Causal Inference on Education Policies: A Survey of Empirical Studies Using PISA, TIMSS and PIRLS
José Manuel Cordero,
Victor Cristobal and
Daniel Santín ()
MPRA Paper from University Library of Munich, Germany
The identification of the causal effects of educational policies is the top priority in recent education economics literature. As a result, a shift can be observed in the strategies of empirical studies. They have moved from the use of standard multivariate statistical methods, which identify correlations or associations between variables only, to more complex econometric strategies, which can help to identify causal relationships. However, exogenous variations in databases have to be identified in order to apply causal inference techniques. This is a far from straightforward task. For this reason, this paper provides an extensive and comprehensive overview of the literature using quasi-experimental techniques applied to three well-known international large-scale comparative assessments, such as PISA, PIRLS or TIMSS, over the period 2004-2016. In particular, we review empirical studies employing instrumental variables, regression discontinuity designs, difference in differences and propensity score matching to the above databases. Additionally, we provide a detailed summary of estimation strategies, issues treated and profitability in terms of the quality of publications to encourage further potential evaluations. The paper concludes with some operational recommendations for prospective researchers in the field.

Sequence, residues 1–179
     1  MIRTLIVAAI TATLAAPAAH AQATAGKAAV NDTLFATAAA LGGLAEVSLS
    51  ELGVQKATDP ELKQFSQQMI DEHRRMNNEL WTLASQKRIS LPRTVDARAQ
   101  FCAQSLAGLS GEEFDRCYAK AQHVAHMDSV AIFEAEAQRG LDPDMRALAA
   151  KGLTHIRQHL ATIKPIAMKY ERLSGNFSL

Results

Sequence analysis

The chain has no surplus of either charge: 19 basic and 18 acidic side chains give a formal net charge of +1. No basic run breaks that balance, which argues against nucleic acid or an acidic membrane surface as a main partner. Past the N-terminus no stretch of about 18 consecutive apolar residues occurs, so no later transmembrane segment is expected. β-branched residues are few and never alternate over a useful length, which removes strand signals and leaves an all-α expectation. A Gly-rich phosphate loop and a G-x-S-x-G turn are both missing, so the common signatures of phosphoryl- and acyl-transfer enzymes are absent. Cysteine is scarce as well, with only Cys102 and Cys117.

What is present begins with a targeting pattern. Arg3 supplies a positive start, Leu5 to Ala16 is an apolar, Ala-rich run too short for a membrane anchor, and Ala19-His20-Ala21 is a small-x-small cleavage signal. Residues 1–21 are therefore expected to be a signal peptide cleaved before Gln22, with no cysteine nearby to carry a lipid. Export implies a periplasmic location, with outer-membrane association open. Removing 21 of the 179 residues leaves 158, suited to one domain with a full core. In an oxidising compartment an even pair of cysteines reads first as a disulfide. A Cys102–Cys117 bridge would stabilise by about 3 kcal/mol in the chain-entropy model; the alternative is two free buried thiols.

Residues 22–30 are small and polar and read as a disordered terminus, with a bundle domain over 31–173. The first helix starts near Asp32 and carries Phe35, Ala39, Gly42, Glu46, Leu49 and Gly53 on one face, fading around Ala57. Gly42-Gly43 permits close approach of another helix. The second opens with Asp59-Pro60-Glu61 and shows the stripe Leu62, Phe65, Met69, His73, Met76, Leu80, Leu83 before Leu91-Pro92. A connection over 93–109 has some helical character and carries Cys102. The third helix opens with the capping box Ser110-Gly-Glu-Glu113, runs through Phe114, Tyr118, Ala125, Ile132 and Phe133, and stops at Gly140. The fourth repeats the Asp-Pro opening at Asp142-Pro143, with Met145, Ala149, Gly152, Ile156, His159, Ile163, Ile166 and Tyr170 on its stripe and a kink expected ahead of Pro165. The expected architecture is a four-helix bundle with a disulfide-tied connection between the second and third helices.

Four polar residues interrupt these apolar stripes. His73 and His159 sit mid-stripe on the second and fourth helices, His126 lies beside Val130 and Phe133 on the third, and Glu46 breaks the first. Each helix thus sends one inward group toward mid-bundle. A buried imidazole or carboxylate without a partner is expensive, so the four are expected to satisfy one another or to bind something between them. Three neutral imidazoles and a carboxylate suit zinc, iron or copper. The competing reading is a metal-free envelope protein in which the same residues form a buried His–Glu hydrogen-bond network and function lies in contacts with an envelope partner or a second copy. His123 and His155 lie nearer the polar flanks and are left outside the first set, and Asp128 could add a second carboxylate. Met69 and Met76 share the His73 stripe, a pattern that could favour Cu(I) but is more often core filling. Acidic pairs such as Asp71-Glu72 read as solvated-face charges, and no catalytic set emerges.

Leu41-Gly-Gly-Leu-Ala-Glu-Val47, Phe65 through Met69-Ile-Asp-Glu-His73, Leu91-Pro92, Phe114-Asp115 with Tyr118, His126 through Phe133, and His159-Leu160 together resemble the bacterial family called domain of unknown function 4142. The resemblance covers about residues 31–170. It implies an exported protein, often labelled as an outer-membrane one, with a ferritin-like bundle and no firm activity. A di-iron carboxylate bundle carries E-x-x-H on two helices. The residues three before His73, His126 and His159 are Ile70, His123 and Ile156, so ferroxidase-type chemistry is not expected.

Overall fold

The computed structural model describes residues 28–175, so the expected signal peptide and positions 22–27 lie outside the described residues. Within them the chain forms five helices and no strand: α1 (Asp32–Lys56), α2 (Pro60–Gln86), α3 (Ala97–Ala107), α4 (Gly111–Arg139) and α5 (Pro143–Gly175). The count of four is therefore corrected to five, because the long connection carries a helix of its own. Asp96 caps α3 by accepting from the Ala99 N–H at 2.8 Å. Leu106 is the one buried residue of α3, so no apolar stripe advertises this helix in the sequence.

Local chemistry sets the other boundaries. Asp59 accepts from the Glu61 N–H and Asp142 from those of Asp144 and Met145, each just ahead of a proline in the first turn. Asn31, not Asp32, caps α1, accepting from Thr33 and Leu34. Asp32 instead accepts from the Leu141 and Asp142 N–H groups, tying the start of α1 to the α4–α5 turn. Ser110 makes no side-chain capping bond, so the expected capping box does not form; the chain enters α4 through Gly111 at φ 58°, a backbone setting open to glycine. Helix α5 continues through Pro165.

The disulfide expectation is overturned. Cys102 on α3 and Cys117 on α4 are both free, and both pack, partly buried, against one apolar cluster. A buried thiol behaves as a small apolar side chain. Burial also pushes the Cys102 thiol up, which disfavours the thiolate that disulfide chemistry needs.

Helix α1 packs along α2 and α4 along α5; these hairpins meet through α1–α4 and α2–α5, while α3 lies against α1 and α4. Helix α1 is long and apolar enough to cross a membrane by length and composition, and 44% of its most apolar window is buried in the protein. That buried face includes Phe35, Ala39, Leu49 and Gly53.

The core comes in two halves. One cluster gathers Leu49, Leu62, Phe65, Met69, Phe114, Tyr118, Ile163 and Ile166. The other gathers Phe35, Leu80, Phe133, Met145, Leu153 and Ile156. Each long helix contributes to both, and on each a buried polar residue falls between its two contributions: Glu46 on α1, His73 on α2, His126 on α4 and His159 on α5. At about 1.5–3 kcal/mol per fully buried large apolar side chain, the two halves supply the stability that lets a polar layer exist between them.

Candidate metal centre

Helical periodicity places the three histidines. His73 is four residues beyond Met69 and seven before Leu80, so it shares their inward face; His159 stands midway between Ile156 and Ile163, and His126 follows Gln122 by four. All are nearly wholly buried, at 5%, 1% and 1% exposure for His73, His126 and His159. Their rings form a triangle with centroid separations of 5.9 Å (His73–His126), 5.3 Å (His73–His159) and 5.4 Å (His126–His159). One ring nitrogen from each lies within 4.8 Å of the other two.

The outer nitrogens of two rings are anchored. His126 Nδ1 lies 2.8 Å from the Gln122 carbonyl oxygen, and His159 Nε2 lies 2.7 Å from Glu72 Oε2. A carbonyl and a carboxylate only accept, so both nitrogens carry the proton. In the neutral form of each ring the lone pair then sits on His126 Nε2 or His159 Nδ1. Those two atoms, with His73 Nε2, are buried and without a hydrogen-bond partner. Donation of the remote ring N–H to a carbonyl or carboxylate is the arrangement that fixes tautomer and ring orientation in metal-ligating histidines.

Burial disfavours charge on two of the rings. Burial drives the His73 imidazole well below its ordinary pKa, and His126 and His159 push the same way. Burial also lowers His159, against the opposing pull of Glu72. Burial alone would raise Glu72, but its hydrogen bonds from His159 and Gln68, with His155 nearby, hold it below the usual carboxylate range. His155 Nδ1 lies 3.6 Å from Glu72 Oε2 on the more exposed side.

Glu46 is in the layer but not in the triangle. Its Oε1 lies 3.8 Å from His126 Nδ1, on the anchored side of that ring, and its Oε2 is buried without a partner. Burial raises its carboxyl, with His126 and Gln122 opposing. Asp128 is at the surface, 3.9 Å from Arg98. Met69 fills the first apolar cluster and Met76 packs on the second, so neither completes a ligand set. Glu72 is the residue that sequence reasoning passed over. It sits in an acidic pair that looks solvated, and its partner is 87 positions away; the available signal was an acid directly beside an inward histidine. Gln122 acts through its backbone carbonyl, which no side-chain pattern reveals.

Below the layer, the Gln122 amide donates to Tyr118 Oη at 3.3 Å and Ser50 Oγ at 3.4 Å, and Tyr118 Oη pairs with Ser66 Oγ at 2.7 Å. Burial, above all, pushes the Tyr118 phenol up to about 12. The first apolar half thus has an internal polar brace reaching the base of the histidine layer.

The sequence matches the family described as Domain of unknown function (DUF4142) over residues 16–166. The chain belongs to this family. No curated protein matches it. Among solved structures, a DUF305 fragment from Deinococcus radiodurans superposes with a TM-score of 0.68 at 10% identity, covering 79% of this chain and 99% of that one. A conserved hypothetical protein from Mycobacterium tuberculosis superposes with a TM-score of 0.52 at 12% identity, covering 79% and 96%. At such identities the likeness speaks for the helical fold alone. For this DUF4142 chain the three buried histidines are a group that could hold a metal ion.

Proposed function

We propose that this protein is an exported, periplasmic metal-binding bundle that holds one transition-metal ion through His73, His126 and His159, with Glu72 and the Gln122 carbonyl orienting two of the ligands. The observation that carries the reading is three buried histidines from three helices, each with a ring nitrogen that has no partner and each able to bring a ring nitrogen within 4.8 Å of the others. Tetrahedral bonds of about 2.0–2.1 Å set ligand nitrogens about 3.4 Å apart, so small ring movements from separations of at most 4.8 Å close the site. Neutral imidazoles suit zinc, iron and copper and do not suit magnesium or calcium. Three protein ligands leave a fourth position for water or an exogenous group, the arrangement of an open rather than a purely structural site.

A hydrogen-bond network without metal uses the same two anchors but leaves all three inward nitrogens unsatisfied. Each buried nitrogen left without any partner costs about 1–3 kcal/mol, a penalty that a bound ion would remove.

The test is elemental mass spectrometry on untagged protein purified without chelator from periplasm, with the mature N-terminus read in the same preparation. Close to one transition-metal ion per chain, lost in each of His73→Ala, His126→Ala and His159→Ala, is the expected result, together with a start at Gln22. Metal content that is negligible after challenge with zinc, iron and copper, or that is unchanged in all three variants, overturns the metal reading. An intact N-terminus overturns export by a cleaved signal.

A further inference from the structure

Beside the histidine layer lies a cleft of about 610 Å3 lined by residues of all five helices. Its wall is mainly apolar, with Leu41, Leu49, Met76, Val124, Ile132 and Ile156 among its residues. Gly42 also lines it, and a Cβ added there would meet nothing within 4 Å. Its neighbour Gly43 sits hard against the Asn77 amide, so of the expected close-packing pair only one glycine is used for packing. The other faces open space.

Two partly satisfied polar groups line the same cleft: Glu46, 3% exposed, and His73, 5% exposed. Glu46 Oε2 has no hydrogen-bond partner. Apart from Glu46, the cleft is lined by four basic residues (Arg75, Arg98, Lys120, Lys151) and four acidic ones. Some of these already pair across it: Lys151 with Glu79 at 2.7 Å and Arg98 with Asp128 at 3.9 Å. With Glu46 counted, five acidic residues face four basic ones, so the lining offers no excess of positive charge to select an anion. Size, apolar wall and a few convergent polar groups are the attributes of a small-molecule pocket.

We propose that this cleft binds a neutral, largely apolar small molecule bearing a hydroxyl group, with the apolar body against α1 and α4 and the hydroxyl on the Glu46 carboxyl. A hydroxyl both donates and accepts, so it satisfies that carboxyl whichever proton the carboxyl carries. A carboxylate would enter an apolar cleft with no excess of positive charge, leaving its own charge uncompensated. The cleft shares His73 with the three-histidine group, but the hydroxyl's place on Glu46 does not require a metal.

Keywords: Survey; Education; Causal Inference; Selection-bias; International assessments. (search for similar items in EconPapers)
JEL-codes: C40 C55 I21 (search for similar items in EconPapers)
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